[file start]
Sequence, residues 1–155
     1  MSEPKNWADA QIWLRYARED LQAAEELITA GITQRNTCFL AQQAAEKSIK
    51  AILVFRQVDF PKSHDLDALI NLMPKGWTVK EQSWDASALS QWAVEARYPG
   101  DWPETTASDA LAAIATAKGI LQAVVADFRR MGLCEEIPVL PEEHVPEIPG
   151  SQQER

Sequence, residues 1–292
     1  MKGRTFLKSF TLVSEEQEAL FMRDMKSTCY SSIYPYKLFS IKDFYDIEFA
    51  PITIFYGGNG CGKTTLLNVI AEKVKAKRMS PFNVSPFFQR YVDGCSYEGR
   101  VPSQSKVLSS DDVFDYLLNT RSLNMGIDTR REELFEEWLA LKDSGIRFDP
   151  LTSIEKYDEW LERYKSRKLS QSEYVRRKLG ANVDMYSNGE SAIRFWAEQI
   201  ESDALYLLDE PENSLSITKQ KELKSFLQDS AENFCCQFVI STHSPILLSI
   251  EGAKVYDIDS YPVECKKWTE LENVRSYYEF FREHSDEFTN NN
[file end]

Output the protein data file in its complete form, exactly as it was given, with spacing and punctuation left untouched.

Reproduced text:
Sequence, residues 1–155
     1  MSEPKNWADA QIWLRYARED LQAAEELITA GITQRNTCFL AQQAAEKSIK
    51  AILVFRQVDF PKSHDLDALI NLMPKGWTVK EQSWDASALS QWAVEARYPG
   101  DWPETTASDA LAAIATAKGI LQAVVADFRR MGLCEEIPVL PEEHVPEIPG
   151  SQQER

Sequence, residues 1–292
     1  MKGRTFLKSF TLVSEEQEAL FMRDMKSTCY SSIYPYKLFS IKDFYDIEFA
    51  PITIFYGGNG CGKTTLLNVI AEKVKAKRMS PFNVSPFFQR YVDGCSYEGR
   101  VPSQSKVLSS DDVFDYLLNT RSLNMGIDTR REELFEEWLA LKDSGIRFDP
   151  LTSIEKYDEW LERYKSRKLS QSEYVRRKLG ANVDMYSNGE SAIRFWAEQI
   201  ESDALYLLDE PENSLSITKQ KELKSFLQDS AENFCCQFVI STHSPILLSI
   251  EGAKVYDIDS YPVECKKWTE LENVRSYYEF FREHSDEFTN NN